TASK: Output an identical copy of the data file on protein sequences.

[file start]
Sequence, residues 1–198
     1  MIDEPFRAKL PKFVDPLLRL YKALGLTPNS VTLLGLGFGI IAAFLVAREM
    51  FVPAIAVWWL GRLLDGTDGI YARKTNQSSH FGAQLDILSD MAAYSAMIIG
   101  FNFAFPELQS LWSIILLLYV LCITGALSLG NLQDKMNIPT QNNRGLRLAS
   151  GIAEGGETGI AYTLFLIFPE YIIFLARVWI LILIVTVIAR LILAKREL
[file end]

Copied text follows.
Sequence, residues 1–198
     1  MIDEPFRAKL PKFVDPLLRL YKALGLTPNS VTLLGLGFGI IAAFLVAREM
    51  FVPAIAVWWL GRLLDGTDGI YARKTNQSSH FGAQLDILSD MAAYSAMIIG
   101  FNFAFPELQS LWSIILLLYV LCITGALSLG NLQDKMNIPT QNNRGLRLAS
   151  GIAEGGETGI AYTLFLIFPE YIIFLARVWI LILIVTVIAR LILAKREL